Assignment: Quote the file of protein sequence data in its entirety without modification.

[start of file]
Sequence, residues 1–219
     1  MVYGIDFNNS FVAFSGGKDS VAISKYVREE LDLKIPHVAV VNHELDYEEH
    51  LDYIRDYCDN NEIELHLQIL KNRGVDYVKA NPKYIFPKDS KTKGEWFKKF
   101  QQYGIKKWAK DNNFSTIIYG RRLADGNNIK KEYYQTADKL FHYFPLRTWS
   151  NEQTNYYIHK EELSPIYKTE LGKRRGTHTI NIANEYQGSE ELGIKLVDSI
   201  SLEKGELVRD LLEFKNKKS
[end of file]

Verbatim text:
Sequence, residues 1–219
     1  MVYGIDFNNS FVAFSGGKDS VAISKYVREE LDLKIPHVAV VNHELDYEEH
    51  LDYIRDYCDN NEIELHLQIL KNRGVDYVKA NPKYIFPKDS KTKGEWFKKF
   101  QQYGIKKWAK DNNFSTIIYG RRLADGNNIK KEYYQTADKL FHYFPLRTWS
   151  NEQTNYYIHK EELSPIYKTE LGKRRGTHTI NIANEYQGSE ELGIKLVDSI
   201  SLEKGELVRD LLEFKNKKS